Assault pistol maker to face liability in law office shooting.
The April 10 decision specifically clears the way for families of victims in the 1993 Pettit & Martin law office slaughter to sue a gun maker--not on a product defect theory but on grounds that the manufacturer's assault weapons are designed only for mass killing and, therefore, are inherently "ultrahazardous." (In re 101 California Street, Master File No. 959316 (Cal., San Francisco County Super. Ct. Apr. 10, 1995).)
In May 1994, the Center to Prevent Handgun Violence in Washington, D.C., filed suit on behalf of the families of seven people killed and six wounded in the shooting spree. Assailant Gian Luigi Ferri, who reportedly held a grudge against lawyers, killed himself after spraying sections of the San Francisco firm with ammunition from two TEC-DC9 semiautomatic pistols. A January 1996 trial date has been set to decide the liability question, according to Dennis Henigan, who is the director of the center's Legal Action Project.
"It's an extremely significant decision," Henigan said of the ruling by San Francisco County Superior Court Judge James Warren. "This particular gun had no business being sold to the public in the first place because it's essentially a military-style weapon designed only for mass killing."
The primary defendant in the suit is Navegar Inc. of Miami, maker of the TEC-DC9. Navegar contends it cannot be held liable for what buyers do with the guns it makes.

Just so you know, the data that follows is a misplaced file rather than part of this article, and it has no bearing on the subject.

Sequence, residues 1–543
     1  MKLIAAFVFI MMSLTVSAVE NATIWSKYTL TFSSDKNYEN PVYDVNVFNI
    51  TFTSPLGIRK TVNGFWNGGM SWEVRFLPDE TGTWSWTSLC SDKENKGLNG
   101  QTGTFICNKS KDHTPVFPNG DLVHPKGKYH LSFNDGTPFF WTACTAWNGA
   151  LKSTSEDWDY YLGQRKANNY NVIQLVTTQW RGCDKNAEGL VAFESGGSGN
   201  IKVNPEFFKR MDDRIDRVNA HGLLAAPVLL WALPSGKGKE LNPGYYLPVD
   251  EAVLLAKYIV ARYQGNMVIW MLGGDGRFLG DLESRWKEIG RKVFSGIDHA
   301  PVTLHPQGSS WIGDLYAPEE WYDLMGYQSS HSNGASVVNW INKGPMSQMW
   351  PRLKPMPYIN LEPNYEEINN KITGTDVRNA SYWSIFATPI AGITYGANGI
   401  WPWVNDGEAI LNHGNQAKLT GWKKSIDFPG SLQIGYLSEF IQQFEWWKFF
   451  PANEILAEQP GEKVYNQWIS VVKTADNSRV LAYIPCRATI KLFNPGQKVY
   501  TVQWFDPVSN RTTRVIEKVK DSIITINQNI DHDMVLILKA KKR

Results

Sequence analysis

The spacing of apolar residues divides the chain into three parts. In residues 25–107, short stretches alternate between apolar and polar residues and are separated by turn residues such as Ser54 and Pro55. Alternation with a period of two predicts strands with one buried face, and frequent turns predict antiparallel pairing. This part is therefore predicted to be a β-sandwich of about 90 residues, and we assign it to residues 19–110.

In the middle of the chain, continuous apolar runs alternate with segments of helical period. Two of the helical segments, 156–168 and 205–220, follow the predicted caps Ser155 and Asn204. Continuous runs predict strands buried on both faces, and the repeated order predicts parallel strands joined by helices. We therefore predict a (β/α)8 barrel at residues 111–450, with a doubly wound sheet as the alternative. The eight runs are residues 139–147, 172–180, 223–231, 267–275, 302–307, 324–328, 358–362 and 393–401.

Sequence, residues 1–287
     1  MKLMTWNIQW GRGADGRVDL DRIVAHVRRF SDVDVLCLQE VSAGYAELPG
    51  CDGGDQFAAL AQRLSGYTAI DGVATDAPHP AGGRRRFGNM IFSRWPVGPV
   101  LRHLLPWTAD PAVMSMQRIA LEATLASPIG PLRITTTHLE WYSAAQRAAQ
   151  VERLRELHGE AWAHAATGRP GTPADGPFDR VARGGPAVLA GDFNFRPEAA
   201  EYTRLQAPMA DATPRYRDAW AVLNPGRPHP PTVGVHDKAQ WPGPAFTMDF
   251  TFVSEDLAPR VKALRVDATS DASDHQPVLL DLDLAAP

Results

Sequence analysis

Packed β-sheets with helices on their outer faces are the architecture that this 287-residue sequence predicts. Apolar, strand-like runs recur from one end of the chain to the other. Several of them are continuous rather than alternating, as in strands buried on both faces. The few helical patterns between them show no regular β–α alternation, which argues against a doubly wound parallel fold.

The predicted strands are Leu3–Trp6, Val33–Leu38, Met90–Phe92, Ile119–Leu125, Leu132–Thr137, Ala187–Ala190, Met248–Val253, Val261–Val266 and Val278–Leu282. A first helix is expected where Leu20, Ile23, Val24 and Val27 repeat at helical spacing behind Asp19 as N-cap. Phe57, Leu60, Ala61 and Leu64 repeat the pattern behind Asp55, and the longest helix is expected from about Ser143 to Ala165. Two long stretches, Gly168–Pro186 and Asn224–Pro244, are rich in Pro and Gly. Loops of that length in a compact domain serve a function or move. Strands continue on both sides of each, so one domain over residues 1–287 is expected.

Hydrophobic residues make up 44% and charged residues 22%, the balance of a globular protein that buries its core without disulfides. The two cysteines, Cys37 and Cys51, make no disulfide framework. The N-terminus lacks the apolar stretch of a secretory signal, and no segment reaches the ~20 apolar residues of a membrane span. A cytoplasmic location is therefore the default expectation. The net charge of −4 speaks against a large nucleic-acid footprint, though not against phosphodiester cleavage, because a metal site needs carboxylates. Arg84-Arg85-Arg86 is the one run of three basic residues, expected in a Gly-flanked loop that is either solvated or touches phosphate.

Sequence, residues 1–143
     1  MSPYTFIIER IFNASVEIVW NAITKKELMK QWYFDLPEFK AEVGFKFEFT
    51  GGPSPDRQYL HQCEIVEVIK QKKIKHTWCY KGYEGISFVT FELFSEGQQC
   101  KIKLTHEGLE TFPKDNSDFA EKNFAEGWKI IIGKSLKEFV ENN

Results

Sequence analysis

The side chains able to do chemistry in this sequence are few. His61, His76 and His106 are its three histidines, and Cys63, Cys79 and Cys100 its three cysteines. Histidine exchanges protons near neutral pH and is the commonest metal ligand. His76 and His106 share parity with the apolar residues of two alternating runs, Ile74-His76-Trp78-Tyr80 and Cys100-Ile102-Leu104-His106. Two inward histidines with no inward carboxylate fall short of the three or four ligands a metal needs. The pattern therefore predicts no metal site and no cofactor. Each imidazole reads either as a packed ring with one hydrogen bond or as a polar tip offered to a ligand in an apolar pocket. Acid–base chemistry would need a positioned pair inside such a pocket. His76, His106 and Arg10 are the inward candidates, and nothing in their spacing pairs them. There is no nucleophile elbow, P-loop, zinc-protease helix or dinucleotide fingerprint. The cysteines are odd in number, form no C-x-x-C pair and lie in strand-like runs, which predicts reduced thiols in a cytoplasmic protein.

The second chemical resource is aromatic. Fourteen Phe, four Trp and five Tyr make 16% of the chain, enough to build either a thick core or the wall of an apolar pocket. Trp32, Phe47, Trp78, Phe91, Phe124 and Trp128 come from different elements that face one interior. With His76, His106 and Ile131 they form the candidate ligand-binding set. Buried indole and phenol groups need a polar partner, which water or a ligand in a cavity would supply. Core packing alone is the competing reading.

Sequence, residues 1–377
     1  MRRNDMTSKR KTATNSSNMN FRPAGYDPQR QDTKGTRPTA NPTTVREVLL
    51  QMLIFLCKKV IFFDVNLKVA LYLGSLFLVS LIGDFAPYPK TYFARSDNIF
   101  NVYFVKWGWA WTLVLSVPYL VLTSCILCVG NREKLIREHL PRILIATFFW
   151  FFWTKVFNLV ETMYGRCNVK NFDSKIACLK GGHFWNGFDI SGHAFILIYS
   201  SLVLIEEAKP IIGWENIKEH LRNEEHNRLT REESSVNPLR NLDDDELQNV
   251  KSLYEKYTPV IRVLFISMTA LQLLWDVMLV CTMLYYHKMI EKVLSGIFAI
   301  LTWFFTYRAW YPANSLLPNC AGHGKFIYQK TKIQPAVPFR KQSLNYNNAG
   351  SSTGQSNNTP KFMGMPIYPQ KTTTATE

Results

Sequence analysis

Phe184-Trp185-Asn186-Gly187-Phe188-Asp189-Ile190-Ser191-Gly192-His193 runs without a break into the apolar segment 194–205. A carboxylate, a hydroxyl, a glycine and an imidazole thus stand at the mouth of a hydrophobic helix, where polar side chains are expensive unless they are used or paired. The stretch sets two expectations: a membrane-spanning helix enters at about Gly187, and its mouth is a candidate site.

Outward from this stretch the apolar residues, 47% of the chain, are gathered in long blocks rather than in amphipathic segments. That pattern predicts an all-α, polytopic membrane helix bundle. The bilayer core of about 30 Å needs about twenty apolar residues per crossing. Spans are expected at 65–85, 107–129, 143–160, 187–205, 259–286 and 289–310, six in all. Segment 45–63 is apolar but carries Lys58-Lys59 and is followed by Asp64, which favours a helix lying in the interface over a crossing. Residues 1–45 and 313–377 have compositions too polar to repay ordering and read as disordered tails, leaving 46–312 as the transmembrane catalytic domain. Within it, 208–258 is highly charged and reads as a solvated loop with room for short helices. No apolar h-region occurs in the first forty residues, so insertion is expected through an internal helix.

"This ruling is really good news for those who have been victims of assault weapons and intentional shootings," said Richard Miller, a plaintiffs' attorney who practices in Springfield, Missouri. "It's especially timely because 1993 was the first time ever that deaths from firearms have exceeded deaths from automobile accidents."
Miller said the public generally will benefit from this decision because state legislatures, so far, have been unwilling to pass laws that hold gun makers liable for criminal use of their products.
"The court is recognizing that the tide of public sentiment is demanding some solution to this [liability] problem," he said. "I think other judges might want to take a look at this ruling. If this issue is going to be resolved, it's going to be resolved by the courts."
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|Article Type:||Brief Article|
|Date:||Jul 1, 1995|
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